Cheap Computing

Jul 31 2013   11:08PM GMT

I Use Linux Because I Like It, Not Just Because it’s Free

Robin Robin "Roblimo" Miller Profile: Robin "Roblimo" Miller

LinuxSome people use Linux because it’s free in the GNU sense of software freedom. Some like it because it’s free in the financial sense. I use Linux because it’s my favorite operating system. Specifically, right now I’m using Kubuntu, which is so much to my taste that it could have been designed just for me.

Let me start by mentioning something that sounds silly, but is a basic Linux/Unix characteristic: Programs and files that take two mouse-clicks to open in Windows open with a single click. This is not silly when you open and close dozens or hundreds of files and programs in the course of a workday. It’s something you don’t think about when you use Linux unless you move to Windows suddenly, as I am often forced to do for video editing. Then the double-click thing become an irritation, and makes it feel all the better to escape back to Linux.

Then there’s Bluefish. It is without question my favorite text and HTML editor, and it works better and smoother in Linux than in Windows. NoteTab in Windows is good, but Bluefish in Linux is better. The difference may not be enough to notice for casual text producers, but I write for the Internet professionally. Like a professional carpenter, I care more about my tools than an amateur does.
My little Acer subnotebook (bought for $279) likes Linux better than Windows. It came with Windows 7, and I’ve since downgraded it to Windows 8 (and added Classic Shell to make it usable), but let’s face it. That poor little notebook only has a 1 Gigawhoozis microprocessor. That means it’s slow with Windows. Linux? Plenty fast.

A basic Linux secret is that it generally takes less hardware power than Windows to achieve the same results. If you’re rich and wasteful, you just add hardware $$ until you’re hapy. When you’re the sort of person who reads a blog called Cheap Computing, you are probably interested in getting the most computing per dollar by using hardware that is not the latest and greatest. So for us Cheap Computing people, Linux is good. Possibly even great.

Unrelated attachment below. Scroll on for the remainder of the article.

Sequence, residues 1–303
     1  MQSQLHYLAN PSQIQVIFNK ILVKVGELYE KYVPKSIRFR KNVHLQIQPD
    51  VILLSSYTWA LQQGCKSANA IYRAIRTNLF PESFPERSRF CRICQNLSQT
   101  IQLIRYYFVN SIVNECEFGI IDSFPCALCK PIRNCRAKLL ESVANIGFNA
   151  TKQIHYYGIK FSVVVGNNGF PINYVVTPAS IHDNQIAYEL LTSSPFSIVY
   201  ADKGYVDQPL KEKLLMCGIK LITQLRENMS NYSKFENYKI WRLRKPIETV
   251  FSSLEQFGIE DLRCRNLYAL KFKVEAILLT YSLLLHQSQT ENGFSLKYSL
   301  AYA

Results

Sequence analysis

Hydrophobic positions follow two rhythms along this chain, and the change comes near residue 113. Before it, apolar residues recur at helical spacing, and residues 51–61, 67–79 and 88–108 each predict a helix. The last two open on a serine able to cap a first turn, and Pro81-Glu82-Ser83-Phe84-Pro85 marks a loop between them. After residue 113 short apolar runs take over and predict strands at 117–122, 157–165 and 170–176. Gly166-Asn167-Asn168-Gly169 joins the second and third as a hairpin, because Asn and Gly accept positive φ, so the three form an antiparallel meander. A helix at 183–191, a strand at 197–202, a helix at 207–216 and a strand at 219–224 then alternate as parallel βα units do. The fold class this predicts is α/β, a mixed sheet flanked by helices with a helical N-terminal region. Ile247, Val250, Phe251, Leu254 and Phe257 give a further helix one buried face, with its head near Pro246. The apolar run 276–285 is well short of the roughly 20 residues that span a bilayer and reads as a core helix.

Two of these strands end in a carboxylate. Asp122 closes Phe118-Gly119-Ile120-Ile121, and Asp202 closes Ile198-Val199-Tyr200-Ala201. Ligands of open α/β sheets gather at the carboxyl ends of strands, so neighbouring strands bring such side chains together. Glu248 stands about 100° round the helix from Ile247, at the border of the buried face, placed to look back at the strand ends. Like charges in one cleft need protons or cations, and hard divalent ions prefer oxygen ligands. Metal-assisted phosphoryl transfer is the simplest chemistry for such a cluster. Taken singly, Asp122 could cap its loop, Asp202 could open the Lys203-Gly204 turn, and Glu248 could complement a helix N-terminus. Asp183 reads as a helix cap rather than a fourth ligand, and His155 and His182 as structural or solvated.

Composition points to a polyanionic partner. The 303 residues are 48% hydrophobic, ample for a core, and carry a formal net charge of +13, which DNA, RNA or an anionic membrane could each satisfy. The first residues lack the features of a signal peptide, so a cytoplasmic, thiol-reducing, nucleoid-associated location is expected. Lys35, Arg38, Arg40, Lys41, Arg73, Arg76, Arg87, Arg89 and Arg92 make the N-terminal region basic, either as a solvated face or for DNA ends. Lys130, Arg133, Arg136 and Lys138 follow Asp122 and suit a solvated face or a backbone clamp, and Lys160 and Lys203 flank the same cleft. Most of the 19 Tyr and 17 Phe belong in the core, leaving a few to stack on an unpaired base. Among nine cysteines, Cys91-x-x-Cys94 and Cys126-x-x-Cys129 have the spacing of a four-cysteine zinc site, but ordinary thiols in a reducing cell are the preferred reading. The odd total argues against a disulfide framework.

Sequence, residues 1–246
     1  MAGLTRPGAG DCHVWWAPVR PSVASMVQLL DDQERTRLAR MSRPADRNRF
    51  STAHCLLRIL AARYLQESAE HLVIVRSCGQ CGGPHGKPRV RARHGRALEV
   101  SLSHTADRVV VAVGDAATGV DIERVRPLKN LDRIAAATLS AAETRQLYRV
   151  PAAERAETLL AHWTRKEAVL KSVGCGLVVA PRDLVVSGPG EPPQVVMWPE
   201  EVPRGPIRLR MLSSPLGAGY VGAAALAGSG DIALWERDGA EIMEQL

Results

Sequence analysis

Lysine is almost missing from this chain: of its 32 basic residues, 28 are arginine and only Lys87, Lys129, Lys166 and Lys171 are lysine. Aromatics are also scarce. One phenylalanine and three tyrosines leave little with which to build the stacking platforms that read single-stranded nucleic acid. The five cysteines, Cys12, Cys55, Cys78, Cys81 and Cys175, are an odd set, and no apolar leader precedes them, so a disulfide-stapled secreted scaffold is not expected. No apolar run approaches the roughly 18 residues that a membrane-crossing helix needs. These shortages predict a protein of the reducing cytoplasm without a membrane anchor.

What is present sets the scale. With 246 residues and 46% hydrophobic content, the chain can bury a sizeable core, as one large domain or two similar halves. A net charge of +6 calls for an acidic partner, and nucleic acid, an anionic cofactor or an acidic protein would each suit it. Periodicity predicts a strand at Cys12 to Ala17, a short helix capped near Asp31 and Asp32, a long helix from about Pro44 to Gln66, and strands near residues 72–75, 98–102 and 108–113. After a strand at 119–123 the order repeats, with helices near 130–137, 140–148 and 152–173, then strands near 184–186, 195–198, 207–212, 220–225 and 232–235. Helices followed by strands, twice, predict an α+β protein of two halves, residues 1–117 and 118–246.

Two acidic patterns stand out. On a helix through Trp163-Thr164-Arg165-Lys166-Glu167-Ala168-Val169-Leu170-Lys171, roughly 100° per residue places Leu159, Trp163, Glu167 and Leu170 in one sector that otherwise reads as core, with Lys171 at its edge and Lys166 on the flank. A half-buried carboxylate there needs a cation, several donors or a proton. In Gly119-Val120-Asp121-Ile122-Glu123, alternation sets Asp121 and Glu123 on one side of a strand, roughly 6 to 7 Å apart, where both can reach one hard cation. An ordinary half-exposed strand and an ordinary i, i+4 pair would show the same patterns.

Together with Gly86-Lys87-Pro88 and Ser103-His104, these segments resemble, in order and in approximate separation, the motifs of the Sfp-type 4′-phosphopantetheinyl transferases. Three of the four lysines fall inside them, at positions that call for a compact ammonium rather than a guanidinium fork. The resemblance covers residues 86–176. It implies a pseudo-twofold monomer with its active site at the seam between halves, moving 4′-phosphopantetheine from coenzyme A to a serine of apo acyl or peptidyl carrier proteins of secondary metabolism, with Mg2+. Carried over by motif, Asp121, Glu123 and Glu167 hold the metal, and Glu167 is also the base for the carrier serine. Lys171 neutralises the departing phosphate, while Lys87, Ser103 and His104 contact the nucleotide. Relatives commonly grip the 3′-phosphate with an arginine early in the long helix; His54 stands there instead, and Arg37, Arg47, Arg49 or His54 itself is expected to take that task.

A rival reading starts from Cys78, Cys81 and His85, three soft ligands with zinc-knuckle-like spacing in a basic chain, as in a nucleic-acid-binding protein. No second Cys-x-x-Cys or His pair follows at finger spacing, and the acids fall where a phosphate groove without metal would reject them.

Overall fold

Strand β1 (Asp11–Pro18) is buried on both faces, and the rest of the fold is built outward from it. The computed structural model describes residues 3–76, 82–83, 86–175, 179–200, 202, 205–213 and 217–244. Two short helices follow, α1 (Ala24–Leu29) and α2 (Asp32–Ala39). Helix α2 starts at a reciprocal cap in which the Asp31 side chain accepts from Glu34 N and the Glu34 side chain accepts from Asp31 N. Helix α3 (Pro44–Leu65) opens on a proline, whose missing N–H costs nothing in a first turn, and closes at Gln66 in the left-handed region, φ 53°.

kubuntu504-1(Mac OS? I have a MacBook Pro I use for software tests. It was given to me. And I know non-rich people who bought used Macs for decent prices. But as a rule, Apple products tend to be a bit spendy for those of us without trust funds, so this blog rarely mentions them.)

Free software! And easy to get, too! Imagine if Microsoft kept a software repository chock full of useful programs you could download and use for free. I mean text editors, office suites, multiple Web browsers, email programs, graphics software, and so on. I mean everything you need for productivity. And games, too. All in one handy place. Ubuntu Linux has just that. So does Fedora. So do OpenSuse, Mandriva, Gentoo, Mint, and virtually all other Linux distributions.

But I said I was using Kubuntu, not Ubuntu, didn’t I? They’re different branches of the same tree. The only real diffence is the way they look, not the way they work. Heavily simplified: if you like Mac OS, use Ubuntu. If you are more accustomed to Windows, start with Kubuntu.

And then there are people like me, who have used Linux for so long that we find Windows a little weird and clunky, and Mac OS even stranger under our fingers. You are probably going the other way, from a proprietary operating system to Linux. If so, display a little patience. Before you know it, you will be accustomed to Linux — and after a little while longer, you may find Linux so comfortable that you won’t want to go back to the operating system you used to use. linux-distributions

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  • Tuxster
    Great read Robin.  Other people might like to switch to a GNU/Linux distro too.  There's lots of cost free, freedom respecting software that's cross platform.  If they're interested in using GNU/Linux tomorrow - they can use free applications today!I wrote about a few of them on my blog.  Check it out!
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